At the start of the third lap Darran Acton, a good mate of mine and former team mate, had manged to get away in a bunch of 6-7 riders so the remaining group had now split into two smaller groups on the difficult crosswind section, and unfortunately I was in the second of these which contained perhaps 15 riders. Myself and two or three other riders continued to share the work and lap three came and went with the odd escapee trying their luck to bridge to the first group behind the break.
The next section of unsurfaced road at the end of lap 3 saw my bunch whittled down to about 8 riders and at the start of lap 4 we had almost caught the group that Darran was in. Half a mile later and the catch was made apart from one lone rider who had jumped clear before the catch. So we now had 5 up the road in the break and a lone rider then a group of about 15 riders.
Feeling good I continued to work at the front as the lead car could be spotted in the distance so we knew the break had perhaps no more than a minute on us. Frustrated that some riders were willing to sit third or fourth wheel in the echelon but not go through and work I decided that when I hit the front the following time I’d press on the pedals a bit harder. There were some tired legs out there and so I just drifted off the front. As no one had followed I decided to press on more, quick glance back, and I noticed Darran was trying to get across. I eased up and Daz made it onto my wheel. In situations like this, you immediately know if someone is feeling good or on the limit and I could tell Daz was a bit fatigued from the effort to get across and from his foray off the front the previous lap, so I put my head down and pulled us both to the turn for the descent before asking Daz for a turn.
We both worked well and just before the left hander for the YW section we swept up the lone rider (Andy Peace) and the three of us took the off road section sensibly.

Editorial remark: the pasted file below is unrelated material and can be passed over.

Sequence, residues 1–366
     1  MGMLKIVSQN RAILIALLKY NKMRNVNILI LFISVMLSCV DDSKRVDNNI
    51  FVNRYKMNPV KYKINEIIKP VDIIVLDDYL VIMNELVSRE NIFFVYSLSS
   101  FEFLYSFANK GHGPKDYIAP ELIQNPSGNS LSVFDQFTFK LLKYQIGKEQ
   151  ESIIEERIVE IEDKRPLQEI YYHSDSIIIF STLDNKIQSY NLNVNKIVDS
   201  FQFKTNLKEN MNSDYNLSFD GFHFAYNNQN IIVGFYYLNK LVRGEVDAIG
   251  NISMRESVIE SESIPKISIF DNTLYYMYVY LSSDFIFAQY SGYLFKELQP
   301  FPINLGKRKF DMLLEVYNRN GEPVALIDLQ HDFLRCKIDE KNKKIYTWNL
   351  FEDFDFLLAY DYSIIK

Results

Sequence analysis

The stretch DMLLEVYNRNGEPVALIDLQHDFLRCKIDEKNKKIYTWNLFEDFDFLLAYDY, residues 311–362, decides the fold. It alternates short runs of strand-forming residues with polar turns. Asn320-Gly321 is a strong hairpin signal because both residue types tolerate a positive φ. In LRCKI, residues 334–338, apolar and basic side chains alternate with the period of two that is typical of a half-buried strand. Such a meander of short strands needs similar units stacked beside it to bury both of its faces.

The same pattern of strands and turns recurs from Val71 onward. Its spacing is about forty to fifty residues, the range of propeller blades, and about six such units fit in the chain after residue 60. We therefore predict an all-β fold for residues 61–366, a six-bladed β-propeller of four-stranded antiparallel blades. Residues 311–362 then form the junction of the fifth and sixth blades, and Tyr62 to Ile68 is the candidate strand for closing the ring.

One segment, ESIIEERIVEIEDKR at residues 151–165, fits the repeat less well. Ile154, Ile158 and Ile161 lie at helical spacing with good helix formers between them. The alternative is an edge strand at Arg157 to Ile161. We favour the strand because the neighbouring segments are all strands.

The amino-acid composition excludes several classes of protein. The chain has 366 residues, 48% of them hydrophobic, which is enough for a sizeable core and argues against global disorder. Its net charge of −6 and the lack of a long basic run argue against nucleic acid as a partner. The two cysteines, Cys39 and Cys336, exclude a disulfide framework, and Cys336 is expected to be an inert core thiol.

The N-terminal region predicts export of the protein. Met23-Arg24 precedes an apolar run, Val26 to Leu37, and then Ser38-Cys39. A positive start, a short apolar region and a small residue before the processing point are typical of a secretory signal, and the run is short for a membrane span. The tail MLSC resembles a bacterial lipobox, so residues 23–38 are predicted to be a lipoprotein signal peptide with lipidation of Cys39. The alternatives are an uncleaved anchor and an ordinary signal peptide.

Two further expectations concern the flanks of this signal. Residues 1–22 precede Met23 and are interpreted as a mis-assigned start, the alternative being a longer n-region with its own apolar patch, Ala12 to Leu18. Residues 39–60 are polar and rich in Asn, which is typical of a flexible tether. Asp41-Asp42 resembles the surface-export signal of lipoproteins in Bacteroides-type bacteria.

At the start of the final lap we knew we had about a 30 second lead but could also see that we were closing the gap on the break. With Daz still suffering a bit, me and Andy took turns into the crosswinds with Daz coming through when he could.
By the time we got to the crossroads to hit the fast descent for the final time we could see the break clearly and my immediate thoughts were we could catch them! I shouted this to Daz and Andy and we engaged 53×11 and gave it everything we could. The guys ahead clearly had the same idea and although we were motoring, we didn’t seem to make any further inroads against the 5 guys ahead of us.
As we hit the YW section for the final time I could feel Andy ramp it up on the fast gravelly descent and under the motorway bridge. I knew from the previous lap he was smooth through this section whereas I had already had four previous attempts at it and almost come a cropper 4 out of 4 times! I felt confident that any gap Andy made, I could claw back up the little ramp before hitting the offroad reservoir section, which I did. We then looked at each other and with no one keen to hit this section first wheel, I decided to take it up. Next thing I know, Daz is flying down the outside shouting I’ll lead you out. Cheers Daz.
We hit the concrete ramp and myself and Andy attacked it neck and neck, before taking the final RH turn and onto the flat run to the finish. I decide to go for the line straight away, and fortunately I managed to cross the line ahead of my two break away pals to finish 6th overall and 4th in my age group.
Disappointed not have made it across to the break but hat off to those guys for staying away on what was a tough circuit, and congratulations to Robin Mckinnon for the win.
Condor Buckstone Flanders Race results Sunday 3rd July 2016
RACE 1 AB event 43.25 miles
1 Robin McKinnon B 11 Nick Shaughnessy A 21 James Dyson A
2 Andrew Sedgwick A 12 Ben Whitehead A
3 Andrew Prince A 13 Michael Tomlinson B
4 Tony Greenhaigh A 14 Tony Grassby B
5 Karl Smith B 15 Stephen Blaney A
6 John Bamford A 16 Simon Appleton B
7 Andy Peace B 17 David Micklethwaite A
8 Darren Acton B 18 Rory Crone A
9 Stephen Bottomley B 19 Robert Fowler B
10 Craig Moody B 20 Chris Spencer A
Not long after, Graham’s race was finishing in a bunch gallop. Graham came in 6th overall and 3rd in his age group.
Race 2 CD event 43.25 miles
1 Stephen Ellis C
2 Stephen Wilkinson D
3 Robert Blackburn C
4 Ian Davenport C
5 Melvin Hartley D
6 Graham Balshaw D
7 Karl Moseley C
8 Roy Holmes D
9 Neil Rollins C
Thanks have to go to John Ginley and all those involved at Condor Road Club for putting on such a fantastic event on a unique circuit. Thanks to all the marshalls and everyone else involved. A great day out.